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Can Employers Require that Employees take the COVID-19 Vaccine?

Can Employers Require that Employees take the COVID-19 Vaccine?

As COVID-19 vaccinations have begun their roll out across Canada, the most popular question floating around the workplace is: 

Can employers require that employees take the COVID-19 vaccine?

As with many unprecedented employment situations we've encountered during the COVID-19 pandemic,  there’s no unequivocal answer. Unfortunately. We simply have not yet seen many of these scenarios play out in the courts. 

What we can say is that to protect employees from work-related illness or injury, employers can take precautions to meet reasonable health and safety standards, which can include the introduction of policies to limit the spread of infectious diseases in the workplace. However, should an employer deem a mandatory COVID-19 vaccination policy necessary for their workplace, the following requirements and considerations should be taken before implementing that policy.

Nature of the Workplace

Without legislation, employers cannot necessitate employees to take any sort of vaccination, or undergo any type of medical examination, for that matter. In certain situations, however, an employer may be able to enforce policies which require vaccination if an employee wishes to remain employed. In this case, employers should be prepared to defend their mandatory COVID-19 vaccination policy from potential legal challenges. The policy must be reasonably necessary, meaning it should be based on verified facts and evidence and consider the nature of the workplace, the level of risk, and the competing rights and interests at play.

For example, a mandatory COVID-19 vaccination policy could be considered reasonably necessary for a health care worker who is frequently in close contact with the public. Without a vaccine, these employees are at higher risk of contracting the virus and spreading it among the masses. However, if you have an employee who works from home with the correct safety precautions in place, then your policy will most likely not be deemed reasonably necessary.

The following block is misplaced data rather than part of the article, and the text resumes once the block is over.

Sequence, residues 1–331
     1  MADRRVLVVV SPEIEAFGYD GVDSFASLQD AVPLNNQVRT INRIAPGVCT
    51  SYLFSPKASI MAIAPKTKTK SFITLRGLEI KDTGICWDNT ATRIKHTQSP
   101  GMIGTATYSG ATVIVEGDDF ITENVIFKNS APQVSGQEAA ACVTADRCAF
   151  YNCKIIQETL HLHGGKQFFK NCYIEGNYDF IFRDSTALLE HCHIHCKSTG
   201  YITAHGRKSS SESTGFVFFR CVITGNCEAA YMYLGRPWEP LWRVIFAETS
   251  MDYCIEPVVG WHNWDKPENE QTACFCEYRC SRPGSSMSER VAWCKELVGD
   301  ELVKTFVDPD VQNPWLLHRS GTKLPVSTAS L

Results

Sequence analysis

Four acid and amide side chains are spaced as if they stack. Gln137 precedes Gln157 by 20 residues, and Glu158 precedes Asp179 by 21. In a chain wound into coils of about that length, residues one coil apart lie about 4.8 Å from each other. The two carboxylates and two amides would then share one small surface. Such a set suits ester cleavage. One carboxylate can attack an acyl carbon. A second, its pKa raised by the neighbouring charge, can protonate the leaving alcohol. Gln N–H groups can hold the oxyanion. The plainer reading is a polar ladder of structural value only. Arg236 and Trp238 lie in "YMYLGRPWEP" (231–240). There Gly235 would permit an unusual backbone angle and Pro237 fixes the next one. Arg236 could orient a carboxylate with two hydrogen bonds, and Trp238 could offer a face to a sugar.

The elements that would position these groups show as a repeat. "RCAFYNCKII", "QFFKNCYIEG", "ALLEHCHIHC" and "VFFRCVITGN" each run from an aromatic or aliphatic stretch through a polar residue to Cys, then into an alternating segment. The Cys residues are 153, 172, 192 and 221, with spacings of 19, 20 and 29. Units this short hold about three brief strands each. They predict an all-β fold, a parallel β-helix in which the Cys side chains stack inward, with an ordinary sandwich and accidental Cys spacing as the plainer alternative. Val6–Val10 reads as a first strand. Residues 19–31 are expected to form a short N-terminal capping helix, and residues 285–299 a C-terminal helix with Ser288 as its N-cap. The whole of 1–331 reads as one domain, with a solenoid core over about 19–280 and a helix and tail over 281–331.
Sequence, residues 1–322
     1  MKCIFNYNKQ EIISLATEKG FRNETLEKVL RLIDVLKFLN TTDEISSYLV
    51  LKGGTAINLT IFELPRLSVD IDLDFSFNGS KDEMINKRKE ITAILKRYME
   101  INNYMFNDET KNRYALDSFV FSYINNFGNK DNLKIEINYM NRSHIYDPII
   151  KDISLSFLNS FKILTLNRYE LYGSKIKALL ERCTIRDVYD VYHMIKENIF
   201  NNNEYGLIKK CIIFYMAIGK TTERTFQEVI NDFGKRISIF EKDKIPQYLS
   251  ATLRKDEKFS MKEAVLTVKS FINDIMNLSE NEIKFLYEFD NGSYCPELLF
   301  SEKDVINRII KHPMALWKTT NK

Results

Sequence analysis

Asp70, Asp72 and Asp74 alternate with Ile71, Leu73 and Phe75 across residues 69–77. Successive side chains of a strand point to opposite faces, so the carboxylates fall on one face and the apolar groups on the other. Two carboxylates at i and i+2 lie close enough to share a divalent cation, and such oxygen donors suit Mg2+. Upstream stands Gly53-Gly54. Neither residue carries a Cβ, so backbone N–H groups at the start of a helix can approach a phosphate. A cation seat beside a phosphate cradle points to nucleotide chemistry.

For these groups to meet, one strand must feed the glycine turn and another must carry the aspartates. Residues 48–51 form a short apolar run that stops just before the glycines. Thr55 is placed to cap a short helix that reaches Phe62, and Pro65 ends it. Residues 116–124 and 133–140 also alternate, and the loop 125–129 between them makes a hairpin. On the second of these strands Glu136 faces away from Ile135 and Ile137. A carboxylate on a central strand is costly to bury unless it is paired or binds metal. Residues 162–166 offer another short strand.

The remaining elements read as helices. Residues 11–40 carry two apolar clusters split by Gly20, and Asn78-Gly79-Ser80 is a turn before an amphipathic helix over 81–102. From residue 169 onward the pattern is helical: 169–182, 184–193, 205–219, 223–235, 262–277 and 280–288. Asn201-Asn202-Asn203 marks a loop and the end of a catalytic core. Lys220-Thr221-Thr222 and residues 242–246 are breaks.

Human Rights Considerations

Some employees may legitimately refuse taking the vaccine based on protected grounds under human rights legislation, such as religious beliefs, disabilities, or auto-immune disorders. For these circumstances, employers will have to make exceptions or accommodations for those employees to the point of undue hardship and in accordance with case law and the applicable legislation. The alternative would be for the employer to prove that no such accommodation is possible due to the nature of the employee’s position.

Privacy Considerations

In general terms, employers do hold the right to collect medical information from employees to ensure a safe workplace. However, it’s yet to be seen how these rights can apply in the context of a mandatory vaccination policy during the pandemic.

If employers decide to implement a mandatory vaccination policy, these points should be considered and stated to employees:

  • How and why employee information is collected
  • The type of information that is being collected
  • How the information will be stored and used
  • Documentation of employees who receive the vaccine
  • Documentation of employees who request accommodations
  • Who will this information be disclosed to and how
  • If consent is required

Take Away for Employers

With the duty to protect the health and safety of their employees, it’s understandable why some employers may rush to implement a mandatory COVID-19 vaccination policy for their workplace. However, it’s a challenging task and not something to be rushed. Employers should consider the following steps before proceeding:

  • Review objective evidence to determine if a mandatory policy would be deemed reasonably necessary for your workplace.
  • Weigh the health and safety risk against other competing interests such as human rights and privacy considerations.
  • Consider creating a voluntary policy, instead of a mandatory policy.
  • Explore potential alternatives such as allowing employees to work from home or take an unpaid leave of absence if risk of transmission is high.
  • Plan for how to address accommodation requests from employees who cannot take the vaccine for health reasons or for any reason based on protected grounds.
  • Include a provision in your policy that declares human rights legislation will be followed.
  • Ensure that all employees are made aware of the new policy and who they should contact if they have questions.
  • Enforce the policy and any consequences of non-compliance from day one.

Keep in mind that the current legal environment is extremely dynamic and each workplace unique, which could significantly affect the legality of each company’s vaccination policy. Employers; therefore, are strongly encouraged to seek legal advice prior to implementing any sort of mandatory policy in their workplace.

Chad Carlsen
Chad Carlsen is a contributing guest writer for ConnectsUs HR, a company that provides tools & resources to quickly set up a Human Resources department.